I was really intrigued when I saw this title on NetGalley but grew discouraged when I read some negative reviews on Goodreads that pointed out some book tropes that I really hate. Still, I committed to reading and reviewing it so I jumped into the book with a negative bias. I need to learn to stop reading the negative reviews before I read an ARC because I could have delved into this really cool story earlier if I hadn’t have let those negative reviews stop me.
Big thanks to NetGalley for the eARC in exchange for an honest review!
IN THE KINGDOM OF AXARIA, a darkness rises.
Some call it a monster, laying waste to the villagers and their homes.
Some say it is an invulnerable demon summoned from the deepest abysses of the Immortal Realm.
Many soldiers from the royal guard are sent out to hunt it down.
Not one has ever returned.
When Asterin Faelenhart, Princess of Axaria and heir to the throne, discovers that she may hold the key to defeating the mysterious demon terrorizing her kingdom, she vows not to rest until the beast is slain. With the help of her friends and the powers she wields — though has yet to fully understand — Asterin sets out to complete a single task. The task that countless, trained soldiers have failed.
To kill it.
But as they hunt for the demon, they unearth a plot to assassinate the Princess herself instead. Asterin and her companions begin to wonder how much of their lives have been lies, especially when they realize that the center of the web of deceit might very well be themselves. With no one else to turn to, they are forced to decide just how much they are willing to sacrifice to protect the only world they have ever known.
That is, of course… if the demon doesn’t get to them first.
This book combines magic, friendship, romance, and adventure into one very imaginative story. Coco Ma delves into so many different conflicts surrounding self-identity, trust, grief, jealousy, and betrayal that weave themselves into the larger plot to make a compelling story of friendship and family.
I sometimes get too distracted when a book covers too many characters, especially when the story alternates between their POVs. However, the characters in Shadow Frost were all likeable and the POV changes typically added something to the story rather than acting as filler, so I actually enjoyed them.
Asterin was overall a likeable protagonist. I liked that she was mischievous and playful in ways that didn’t undermine her strength or the respect people had for her. Quinlan definitely fits into the Broody Guy with Tragic Backstory trope but I’m not going to lie, he wore that title well 😉 Orion’s own sad backstory didn’t stop him from being comic relief and a supportive character for Asterin. Eadric’s backstory, once we learned about it, was interesting and if written right could be its own book. Rose was pretty badass and I hope the next book has more of her. Luna’s character took me by surprise and I liked her understated strength.
There was a lot going on in this book. We had the larger “there’s a monster killing tons of people on the loose in the kingdom” plot and then the juicier sub-plots and conflicts peppered throughout the book that tied into this plot and made it that much more twisted.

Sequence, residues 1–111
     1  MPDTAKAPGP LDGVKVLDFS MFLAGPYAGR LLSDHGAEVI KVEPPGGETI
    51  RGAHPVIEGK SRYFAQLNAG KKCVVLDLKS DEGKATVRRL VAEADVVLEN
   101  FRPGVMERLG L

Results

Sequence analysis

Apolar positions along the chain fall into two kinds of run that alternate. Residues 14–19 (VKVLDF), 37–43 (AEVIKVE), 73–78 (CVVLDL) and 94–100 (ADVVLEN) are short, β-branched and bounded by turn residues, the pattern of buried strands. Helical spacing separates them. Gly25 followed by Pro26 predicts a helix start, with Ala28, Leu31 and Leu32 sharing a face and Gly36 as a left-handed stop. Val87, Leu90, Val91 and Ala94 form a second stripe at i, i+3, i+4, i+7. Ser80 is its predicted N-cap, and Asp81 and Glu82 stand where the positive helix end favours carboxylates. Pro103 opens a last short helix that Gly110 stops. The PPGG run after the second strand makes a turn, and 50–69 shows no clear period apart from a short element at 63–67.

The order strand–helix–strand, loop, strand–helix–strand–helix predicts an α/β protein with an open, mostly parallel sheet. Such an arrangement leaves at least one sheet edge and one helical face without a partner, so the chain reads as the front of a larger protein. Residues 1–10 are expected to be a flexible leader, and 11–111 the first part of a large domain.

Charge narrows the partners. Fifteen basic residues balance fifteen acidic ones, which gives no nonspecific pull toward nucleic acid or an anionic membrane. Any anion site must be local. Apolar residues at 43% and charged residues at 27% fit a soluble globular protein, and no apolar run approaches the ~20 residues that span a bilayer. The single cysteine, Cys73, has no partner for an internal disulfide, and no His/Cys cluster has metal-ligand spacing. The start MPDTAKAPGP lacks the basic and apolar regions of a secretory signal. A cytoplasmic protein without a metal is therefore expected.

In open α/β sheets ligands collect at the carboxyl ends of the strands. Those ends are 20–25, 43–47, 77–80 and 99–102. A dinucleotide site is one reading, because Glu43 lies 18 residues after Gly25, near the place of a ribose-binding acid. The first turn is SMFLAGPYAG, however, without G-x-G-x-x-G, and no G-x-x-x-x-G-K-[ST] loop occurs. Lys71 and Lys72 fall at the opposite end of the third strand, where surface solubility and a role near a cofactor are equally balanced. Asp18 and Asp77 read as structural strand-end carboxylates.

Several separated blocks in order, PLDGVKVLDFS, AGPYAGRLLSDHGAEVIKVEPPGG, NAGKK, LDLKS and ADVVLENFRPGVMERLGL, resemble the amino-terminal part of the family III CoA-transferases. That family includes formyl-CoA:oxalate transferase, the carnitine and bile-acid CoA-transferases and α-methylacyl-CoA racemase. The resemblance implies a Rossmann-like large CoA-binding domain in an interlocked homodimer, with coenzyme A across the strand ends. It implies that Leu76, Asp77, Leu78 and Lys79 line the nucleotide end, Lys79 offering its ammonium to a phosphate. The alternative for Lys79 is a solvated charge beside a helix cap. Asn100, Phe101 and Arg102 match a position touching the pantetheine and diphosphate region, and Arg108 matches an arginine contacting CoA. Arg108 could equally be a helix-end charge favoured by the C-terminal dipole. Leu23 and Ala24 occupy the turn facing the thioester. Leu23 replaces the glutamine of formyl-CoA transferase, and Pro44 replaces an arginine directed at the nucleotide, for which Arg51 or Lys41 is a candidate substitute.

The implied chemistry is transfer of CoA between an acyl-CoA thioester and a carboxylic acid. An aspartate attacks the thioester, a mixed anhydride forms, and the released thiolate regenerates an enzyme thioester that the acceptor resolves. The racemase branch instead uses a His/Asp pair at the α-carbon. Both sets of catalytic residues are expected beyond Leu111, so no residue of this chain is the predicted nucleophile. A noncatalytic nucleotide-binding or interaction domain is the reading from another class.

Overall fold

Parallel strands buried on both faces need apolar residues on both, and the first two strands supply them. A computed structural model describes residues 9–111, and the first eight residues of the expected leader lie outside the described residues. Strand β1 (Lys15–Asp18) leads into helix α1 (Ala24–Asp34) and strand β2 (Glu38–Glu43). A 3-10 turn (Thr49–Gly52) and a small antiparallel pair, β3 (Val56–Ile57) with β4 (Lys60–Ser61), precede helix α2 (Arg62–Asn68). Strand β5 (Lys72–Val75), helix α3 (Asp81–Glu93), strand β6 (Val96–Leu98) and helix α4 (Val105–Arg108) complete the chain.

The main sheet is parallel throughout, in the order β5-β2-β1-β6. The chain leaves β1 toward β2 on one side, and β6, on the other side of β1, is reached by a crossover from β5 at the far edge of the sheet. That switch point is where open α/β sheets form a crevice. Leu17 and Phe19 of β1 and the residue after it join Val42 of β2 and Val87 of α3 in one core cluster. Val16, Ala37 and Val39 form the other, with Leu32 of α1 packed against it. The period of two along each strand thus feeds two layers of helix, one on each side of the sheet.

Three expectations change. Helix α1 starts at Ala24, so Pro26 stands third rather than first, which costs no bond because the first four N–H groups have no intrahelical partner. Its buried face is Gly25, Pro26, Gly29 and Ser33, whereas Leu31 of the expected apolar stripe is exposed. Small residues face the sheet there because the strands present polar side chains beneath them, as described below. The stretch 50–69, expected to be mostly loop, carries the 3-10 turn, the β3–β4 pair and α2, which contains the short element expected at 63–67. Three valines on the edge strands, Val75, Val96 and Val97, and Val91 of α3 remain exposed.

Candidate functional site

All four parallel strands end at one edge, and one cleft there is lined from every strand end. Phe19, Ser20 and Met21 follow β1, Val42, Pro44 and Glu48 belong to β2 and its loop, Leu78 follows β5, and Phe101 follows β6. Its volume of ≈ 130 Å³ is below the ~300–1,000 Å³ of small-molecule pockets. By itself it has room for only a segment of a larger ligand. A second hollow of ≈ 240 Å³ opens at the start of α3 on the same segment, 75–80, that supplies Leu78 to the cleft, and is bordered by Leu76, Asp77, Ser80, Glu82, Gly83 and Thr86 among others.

The relationships in this book developed quickly but not always in the directions I anticipated. Asterin and Quinlan’s romantic interest in each other was obvious from the beginning and it was easy to see where that was headed. Asterin and Orion’s relationship was more muddled but I love the direction the author went with Orion’s story and the impact it had on other parts of the book. Eadric and Luna were together from the beginning of the book and their dynamic was very sweet. Beyond romantic relationships, there were really strong friendships that developed throughout the book. No book is complete without some form of betrayal or jealousy though, so some of these bonds formed proved to have unforeseen consequences for the characters that often to other conflicts or points of interest.
The magic itself was described very vividly and frequently. Some of the types of magic were heavily developed (ice and fire) while others didn’t get much page time (light and air). I’m hoping the next book has more of these other elements so I can get a better understanding of the magic system as a whole rather than just parts of it. In addition, a deeper dive into the story of the Immortals is welcome for book two.
The biggest thing stopping me from giving this book five stars is the pacing. There were a lot of interesting things to cover in this book but I definitely think a lot of it could have been pared down and still have had the same overall effect. I could have done without some of the POV changes that covered the same event, expanded on some inconsequential point, or added unnecessary information. I can’t imagine the second book having as much intrigue and adventure as Shadow Frost simply because so much was covered in book one that any other major conflicts in a sequel might feel too forced.
Still, despite the couple of things that irritated me I overall really enjoyed Shadow Frost. The characters were fun, the plot was always twisting itself into a new direction, the magic was very intriguing, and the book as a whole was well-written. There are enough elements of fantasy, mystery, romance, and adventure to keep fans of all genres interested.
Have you read Shadow Frost? What were your thoughts?